Review: 'A Midsummer Night's Dream' at Pearl Theatre Company

Review: 'A Midsummer Night's Dream' at Pearl Theatre Company

Colin McPhillamy

The Bedlam production of A Midsummer Night's Dream which closes tomorrow at the recently relocated Pearl Theatre in New York city is not for everyone, although I commend it to Peter Brook.

'Brook's Dream', 1970, is known in theatre lore as the one that burst the bounds, re-imagined what's possible on a stage, and, even for those of too young to have seen it (that's me), opened the way for robust exploration of the Bard's works for generations to come.

The Empty Space published in 1968 was a preamble to this blast of fresh air, and in it the author offered four descriptions of theatrical experience: deadly, holy, rough and immediate. The Bedlam production transitions between each of these in an irreverent, energetic and inventive version. 

Five actors (although at times it seems like a lot more) dressed in random basic with unexplained strips of fluorescent fabric attached, perform multiple roles and constant ensemble work inhabiting by turns trees, bushes, buzzing insects and faerie extras as well as the aristocracy of the court and the artisans of the workshop.  

It takes a little time, but by the end of the evening one has entered the conceit almost in collusion with the actors, and the spectacular penultimate scene of the play within the play is a virtuoso demonstration from the director and and the actors that utterly charms.

I have seen a 6 handed Measure For Measure, a 6 handed Cymbeline, a 5 handed Cymbeline, a 6 handed Taming of the Shrew, I've been in a 6 handed Winter's Tale, and the 2 handed Tempest and the puppetry Macbeth were featured productions at The Mull Little Theatre where I began as a professional with my own solo Henry V (incidentally, to my mild surprise over the years I've heard of at least three other solo Henry V productions even though I thought I had cornered the market, but my friend Mark Carey with his Unto the Breach leads this particular field). When living in London I watched as much Shakespeare as a man could eat in full productions with what now seems radical conventionality with one actor playing one role. I've watched Shakespeare recitals and adaptations, updating and translations, As well as this I am a veteran of the Dream having played in different productions, rather than in the same one; Theseus, Peter Quince (twice), Robin Starveling, Moth and Cobweb.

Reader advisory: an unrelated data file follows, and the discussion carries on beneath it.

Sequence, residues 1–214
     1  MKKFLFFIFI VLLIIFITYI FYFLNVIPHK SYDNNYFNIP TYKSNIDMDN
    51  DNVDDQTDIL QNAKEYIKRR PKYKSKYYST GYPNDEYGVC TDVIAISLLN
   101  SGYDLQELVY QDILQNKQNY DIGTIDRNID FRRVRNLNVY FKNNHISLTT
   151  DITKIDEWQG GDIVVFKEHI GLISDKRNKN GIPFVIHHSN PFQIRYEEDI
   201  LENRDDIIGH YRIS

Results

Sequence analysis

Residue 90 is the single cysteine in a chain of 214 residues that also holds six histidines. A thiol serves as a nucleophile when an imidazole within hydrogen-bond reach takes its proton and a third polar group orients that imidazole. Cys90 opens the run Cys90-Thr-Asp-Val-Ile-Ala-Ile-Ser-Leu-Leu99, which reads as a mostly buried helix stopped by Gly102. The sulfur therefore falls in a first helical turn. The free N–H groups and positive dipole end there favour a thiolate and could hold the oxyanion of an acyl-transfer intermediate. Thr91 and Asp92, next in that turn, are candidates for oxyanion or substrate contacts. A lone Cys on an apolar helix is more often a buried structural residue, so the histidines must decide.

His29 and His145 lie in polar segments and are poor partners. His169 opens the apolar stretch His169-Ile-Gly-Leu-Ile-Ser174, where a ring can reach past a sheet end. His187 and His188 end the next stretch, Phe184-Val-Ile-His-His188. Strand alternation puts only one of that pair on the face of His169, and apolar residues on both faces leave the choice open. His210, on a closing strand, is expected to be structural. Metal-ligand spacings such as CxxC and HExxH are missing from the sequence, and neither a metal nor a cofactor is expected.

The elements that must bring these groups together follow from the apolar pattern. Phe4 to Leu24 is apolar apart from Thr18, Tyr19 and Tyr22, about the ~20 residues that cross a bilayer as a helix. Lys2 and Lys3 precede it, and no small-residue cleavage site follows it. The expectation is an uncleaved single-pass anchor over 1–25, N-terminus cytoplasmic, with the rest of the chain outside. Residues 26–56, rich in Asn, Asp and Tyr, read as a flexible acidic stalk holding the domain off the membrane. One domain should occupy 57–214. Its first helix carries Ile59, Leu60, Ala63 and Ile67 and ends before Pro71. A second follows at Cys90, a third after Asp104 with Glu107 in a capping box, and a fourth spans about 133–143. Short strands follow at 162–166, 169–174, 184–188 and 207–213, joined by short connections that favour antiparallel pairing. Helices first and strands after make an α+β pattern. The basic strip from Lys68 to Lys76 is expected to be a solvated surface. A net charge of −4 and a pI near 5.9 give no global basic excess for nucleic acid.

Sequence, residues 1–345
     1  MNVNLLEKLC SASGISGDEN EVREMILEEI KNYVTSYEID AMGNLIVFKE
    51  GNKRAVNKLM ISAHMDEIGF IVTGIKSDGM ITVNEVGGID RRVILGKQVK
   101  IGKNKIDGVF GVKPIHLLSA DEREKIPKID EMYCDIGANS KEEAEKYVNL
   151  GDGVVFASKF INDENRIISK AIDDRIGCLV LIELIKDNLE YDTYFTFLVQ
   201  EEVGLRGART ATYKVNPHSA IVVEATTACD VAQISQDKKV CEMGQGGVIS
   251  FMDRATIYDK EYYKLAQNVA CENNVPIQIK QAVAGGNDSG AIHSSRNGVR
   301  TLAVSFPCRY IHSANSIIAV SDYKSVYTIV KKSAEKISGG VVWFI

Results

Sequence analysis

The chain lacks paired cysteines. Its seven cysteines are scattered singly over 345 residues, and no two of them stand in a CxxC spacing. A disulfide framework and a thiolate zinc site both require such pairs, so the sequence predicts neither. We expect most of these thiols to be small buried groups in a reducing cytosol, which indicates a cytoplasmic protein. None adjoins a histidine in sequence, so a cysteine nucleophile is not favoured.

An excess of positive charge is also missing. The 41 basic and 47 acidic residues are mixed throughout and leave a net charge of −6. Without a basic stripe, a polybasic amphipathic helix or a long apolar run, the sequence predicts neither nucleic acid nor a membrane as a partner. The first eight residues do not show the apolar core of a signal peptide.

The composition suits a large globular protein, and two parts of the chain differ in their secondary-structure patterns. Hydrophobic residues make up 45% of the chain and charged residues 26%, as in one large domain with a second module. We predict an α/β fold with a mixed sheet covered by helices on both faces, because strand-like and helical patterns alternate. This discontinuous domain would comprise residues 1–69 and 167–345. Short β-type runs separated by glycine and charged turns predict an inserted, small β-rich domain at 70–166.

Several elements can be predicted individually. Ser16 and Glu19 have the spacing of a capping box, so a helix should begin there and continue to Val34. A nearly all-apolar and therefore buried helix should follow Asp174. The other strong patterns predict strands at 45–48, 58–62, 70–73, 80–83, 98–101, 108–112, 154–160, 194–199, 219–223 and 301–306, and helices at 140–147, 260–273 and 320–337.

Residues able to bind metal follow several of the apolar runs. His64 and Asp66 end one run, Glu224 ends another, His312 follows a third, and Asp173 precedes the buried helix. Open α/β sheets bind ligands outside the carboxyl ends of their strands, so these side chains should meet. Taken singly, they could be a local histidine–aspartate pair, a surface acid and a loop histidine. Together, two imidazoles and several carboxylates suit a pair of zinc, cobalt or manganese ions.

What is deadly theatre? According to Brook, and I agree with him, from an audience point of view it's that familiar sensation of being mildly bored while classical text is delivered in measured tones and (often) recycled period costumes, with static staging, by stolid actors. Boring Shakespeare belongs in a special sub-catagory of Deadly Theatre, and should be prescribed by doctors everywhere for insomniacs.

But live or deadly, solo, boiled-down or full scale it's hard to destroy Shakespeare, whose work is to stage as scripture to religion, or market force to capitalism.

What is deadly about this production? Not much, although the opening flirts with death.